These efforts have culminated in MAP’s fellowship program for graduate students. Since 2011, thanks to the support of the Samuel H. Kress Foundation, MAP offers annually two short-term graduate fellowships in art history. In 2013 and 2014, these fellows were joined at MAP by graduate fellows generously supported by the Samuel Freeman Charitable Trust. Each fellow receives one-to-one support and supervision, along with office space and specialized archival training to help them pursue advanced research for his/her doctoral thesis.
MAP has also entered into other arenas of academic activity. In 2014, MAP launched a publication series with the academic publisher Brepols/Harvey Miller; three titles are due out in Fall 2015. Also notable is MAP’s participation at international conferences, such as the Sixteenth Century Society & Conference and the American Historical Association, as well as its active role within the Renaissance Society of America, at whose annual meetings MAP has sponsored over thirty panels since 2008. In the last three years, MAP has also started organizing international conferences in Florence, covering a range of subjects pertinent to the collections of the Medici Archive, such as women artists, public health, and the history of the Medici family. These events have hosted over sixty papers, often bridging the gap between American and European scholarship, and fostered new collaborations between MAP and research universities, other initiatives in the digital humanities, and individual scholars. The fruit of these efforts has been the recognition of MAP as one of the leading institutions in the broad field of early modern studies.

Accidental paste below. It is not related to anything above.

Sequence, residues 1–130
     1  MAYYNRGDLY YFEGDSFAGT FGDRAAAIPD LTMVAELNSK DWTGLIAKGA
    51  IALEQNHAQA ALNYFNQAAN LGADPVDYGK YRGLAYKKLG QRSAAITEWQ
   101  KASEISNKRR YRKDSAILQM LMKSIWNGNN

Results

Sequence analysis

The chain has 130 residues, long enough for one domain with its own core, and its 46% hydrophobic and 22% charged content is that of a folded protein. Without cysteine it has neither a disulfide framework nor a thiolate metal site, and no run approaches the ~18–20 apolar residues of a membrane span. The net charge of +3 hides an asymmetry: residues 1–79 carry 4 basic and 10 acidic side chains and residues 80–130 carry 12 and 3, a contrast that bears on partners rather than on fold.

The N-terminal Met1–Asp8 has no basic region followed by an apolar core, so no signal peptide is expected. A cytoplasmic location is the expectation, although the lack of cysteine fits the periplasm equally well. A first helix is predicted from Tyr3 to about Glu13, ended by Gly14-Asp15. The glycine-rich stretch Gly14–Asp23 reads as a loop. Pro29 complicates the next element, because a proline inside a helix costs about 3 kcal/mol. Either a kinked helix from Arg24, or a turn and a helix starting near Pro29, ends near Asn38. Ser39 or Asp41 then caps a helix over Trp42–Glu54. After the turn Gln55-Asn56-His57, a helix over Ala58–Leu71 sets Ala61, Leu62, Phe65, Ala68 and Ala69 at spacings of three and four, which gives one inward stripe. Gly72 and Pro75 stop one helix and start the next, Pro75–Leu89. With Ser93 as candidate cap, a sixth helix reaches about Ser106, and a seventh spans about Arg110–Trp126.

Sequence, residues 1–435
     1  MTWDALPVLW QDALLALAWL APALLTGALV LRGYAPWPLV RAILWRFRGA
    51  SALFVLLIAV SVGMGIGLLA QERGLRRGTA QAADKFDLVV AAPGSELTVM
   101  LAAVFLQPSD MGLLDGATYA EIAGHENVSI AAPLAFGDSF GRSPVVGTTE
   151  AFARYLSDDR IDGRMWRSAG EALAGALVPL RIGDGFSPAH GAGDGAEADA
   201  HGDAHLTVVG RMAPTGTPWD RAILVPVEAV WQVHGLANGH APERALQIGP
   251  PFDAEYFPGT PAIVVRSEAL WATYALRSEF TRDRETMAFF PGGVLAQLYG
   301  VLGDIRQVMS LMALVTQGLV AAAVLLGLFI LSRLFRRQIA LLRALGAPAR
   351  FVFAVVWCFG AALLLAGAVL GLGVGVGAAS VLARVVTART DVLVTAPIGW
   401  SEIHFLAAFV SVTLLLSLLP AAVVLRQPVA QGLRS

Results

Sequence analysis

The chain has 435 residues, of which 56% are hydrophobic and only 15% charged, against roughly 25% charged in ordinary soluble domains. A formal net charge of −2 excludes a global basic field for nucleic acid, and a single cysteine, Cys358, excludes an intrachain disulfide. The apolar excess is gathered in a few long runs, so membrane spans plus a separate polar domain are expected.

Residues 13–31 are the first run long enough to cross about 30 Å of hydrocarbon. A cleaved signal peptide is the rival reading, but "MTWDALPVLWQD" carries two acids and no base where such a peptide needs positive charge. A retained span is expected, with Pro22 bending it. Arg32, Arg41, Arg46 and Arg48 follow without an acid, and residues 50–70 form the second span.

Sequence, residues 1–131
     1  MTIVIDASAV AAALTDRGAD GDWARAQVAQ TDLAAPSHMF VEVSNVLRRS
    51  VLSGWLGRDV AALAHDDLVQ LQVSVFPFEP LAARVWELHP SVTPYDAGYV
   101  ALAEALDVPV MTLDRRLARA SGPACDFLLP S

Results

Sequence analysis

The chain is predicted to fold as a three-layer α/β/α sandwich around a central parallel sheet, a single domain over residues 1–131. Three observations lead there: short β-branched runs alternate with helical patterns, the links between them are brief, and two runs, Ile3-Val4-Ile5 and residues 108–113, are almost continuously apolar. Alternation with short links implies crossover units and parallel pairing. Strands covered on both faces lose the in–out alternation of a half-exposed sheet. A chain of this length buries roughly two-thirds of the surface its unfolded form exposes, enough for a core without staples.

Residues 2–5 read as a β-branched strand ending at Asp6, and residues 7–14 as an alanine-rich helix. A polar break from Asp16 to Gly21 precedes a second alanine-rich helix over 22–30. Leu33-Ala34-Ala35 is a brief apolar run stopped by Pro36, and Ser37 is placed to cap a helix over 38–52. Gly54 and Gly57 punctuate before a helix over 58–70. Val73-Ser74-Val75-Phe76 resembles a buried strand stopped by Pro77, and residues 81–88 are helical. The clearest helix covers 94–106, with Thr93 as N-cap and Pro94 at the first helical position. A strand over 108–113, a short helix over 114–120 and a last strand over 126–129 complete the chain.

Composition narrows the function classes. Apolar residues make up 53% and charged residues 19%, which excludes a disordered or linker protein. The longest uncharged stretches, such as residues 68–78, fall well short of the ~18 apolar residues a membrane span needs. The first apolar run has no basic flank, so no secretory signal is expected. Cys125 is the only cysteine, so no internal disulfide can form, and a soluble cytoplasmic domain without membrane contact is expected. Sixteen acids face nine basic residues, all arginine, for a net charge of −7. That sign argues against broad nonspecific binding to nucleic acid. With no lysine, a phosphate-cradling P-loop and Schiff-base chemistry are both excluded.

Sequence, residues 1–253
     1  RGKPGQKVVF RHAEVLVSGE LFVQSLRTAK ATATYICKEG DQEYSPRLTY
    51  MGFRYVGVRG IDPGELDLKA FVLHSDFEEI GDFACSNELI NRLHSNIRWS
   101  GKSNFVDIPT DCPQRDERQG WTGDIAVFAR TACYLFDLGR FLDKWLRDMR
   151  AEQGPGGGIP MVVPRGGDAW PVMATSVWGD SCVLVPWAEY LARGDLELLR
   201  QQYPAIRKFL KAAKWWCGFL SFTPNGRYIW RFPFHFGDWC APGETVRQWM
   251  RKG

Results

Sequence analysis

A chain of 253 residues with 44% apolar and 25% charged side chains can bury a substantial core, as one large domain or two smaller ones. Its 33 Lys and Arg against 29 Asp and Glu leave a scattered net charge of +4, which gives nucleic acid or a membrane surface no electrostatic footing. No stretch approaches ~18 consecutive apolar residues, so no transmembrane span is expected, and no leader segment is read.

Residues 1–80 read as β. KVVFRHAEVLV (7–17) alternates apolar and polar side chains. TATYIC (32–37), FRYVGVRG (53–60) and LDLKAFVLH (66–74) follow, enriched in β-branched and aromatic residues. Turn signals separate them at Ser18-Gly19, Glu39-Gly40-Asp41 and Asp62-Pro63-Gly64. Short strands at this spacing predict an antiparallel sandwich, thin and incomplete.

Lastly, five independent research programs have been created under MAP’s tutelage: the Jane Fortune Research Program on Women Artists in the Age of the Medici (with its own internship program for undergraduates): the Eugene Grant Research Program on Jewish History and Culture in Early Modern Europe; Medicine and the Medici in Grand Ducal Tuscany Research Program; The Birth of News. A Program in Early Modern Media Studies; and most recently, France and the Medici (1533-1642). A Research Program in Early Modern French History. These research programs have enriched both MAP and the BIA platform: they have opened up new horizons for research and investment, and strengthened MAP’s ambition to digitize, preserve, and disseminate evermore of the world’s collections of early modern archival material.
In 2015, the Medici Archive Project was awarded a new grant by the Andrew W. Mellon Foundation to continue our work. With this grant we are developing the next generation of online platforms for digital research with archival material.